“Only the person who has experienced light and darkness, war and peace, rise and fall, has truly experienced life.” — Stefan Zweig
There was a time, not long ago, when the football programs at Kansas University, Texas Tech University and the University of South Florida lived only the positive side of that saying and led charmed lives just a step below the bluebloods of college football.
Sure, each dealt with losses from time to time, but, overall, the programs were relevant, the wins came with regularity, and each had a strong leader in place as its head football coach.
Together, Mark Mangino (KU), Mike Leach (Tech) and Jim Leavitt led their teams to 228 total victories, an overall winning percentage of .606, 19 bowl appearances and 11 bowl victories in 31 seasons.
The lasting legacy for each, however, might have been the way he left his school, not what he did while he was there. Less than 10 months ago, and just five weeks apart, each coach was ousted for alleged misconduct, both of the physical and mental variety.
In some cases, the execution was swift. Prior to Texas Tech’s appearance in the 2009 Alamo Bowl, Leach was suspended for two days and then fired on Day 3. Mangino and Leavitt — both descendants of the Bill Snyder coaching tree — fell after lengthy investigations, with Mangino resigning on Dec. 3 (to the tune of a $3 million buyout) and Leavitt being fired on Jan. 8.
Though their removals sent mixed emotions roaring through the communities of Lawrence, Lubbock and Tampa, each university acted quickly to bring in a replacement, someone who, through a bright smile and high integrity, could get rid of the pain associated with the scandals; someone who, if given a chance, would strive to erase the stain left on the programs.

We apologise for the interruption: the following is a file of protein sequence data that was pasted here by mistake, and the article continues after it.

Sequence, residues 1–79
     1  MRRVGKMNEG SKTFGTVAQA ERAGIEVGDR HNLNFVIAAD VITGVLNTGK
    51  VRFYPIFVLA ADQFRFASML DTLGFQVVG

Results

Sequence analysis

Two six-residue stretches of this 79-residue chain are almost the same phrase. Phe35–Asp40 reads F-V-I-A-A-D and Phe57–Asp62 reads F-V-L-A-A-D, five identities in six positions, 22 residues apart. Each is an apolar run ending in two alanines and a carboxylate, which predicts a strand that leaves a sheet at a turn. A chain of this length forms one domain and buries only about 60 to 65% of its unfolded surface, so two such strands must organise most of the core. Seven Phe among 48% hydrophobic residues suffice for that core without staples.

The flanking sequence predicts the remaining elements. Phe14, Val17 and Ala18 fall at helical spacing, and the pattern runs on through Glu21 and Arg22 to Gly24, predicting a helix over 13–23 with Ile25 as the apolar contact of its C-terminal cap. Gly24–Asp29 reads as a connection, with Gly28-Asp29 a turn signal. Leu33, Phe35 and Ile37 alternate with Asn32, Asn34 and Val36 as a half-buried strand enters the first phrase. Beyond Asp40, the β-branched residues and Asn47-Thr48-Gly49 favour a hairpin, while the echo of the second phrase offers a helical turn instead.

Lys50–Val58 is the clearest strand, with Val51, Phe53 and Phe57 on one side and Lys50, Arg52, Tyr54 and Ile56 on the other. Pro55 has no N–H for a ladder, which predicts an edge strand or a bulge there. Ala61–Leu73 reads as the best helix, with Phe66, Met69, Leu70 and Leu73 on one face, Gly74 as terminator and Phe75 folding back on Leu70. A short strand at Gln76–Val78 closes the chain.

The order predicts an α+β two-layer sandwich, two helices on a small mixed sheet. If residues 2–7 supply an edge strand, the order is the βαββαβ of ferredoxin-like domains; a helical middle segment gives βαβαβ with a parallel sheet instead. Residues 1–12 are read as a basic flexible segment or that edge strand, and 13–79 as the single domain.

At Kansas, that someone was Turner Gill, an up-and-coming star in the coaching world who led a miracle turnaround at the University of Buffalo and was a candidate for several big-time jobs prior to signing on the dotted line at Kansas. At South Florida, Skip Holtz, the former East Carolina head coach and son of legend Lou Holtz, was deemed the right man for the job. And at Texas Tech, former SEC star Tommy Tuberville was given the chance to return to the limelight and restore the Red Raiders image in the process.
Fast-forward a few months, and not all is forgotten. However, many of the details are beginning to fade.
South Florida is off to a 3-1 start and sits atop the Big East standings.
Texas Tech is 2-2 overall (0-1 in the Big 12).
And the Jayhawks, 2-3 overall and 0-1 in the conference, have been up and down.
While each coach is starting to settle in to his new surroundings, all three acknowledge that there’s still a lot of work to be done.
“When you’re coming into a program, you’re trying to have people adjust to how you want things done,” Gill said. “It’s a whole environment, and everybody has to adjust. It takes time. And I understand that. I understood that when I went to Buffalo. Obviously, we’d all love to have it happen as fast as possible, but it’s going to take some time, and we’re just going to keep on working.”
Such soundbites have defined the Gill era thus far, giving hope to some and ammunition to others. Regardless of how he has been received, Gill plans to stay on the path he knows can work.
“I’m going to coach my butt off to try make sure our players play well every single football game and to try to get them to win every single game,” he said. “But that doesn’t change if you’re at a school for one year or 10 years.”
Change was the goal for all three men asked to bring a softer, gentler approach than their predecessors had to their new programs. Gill and Holtz kicked off the metamorphosis in a similar manner.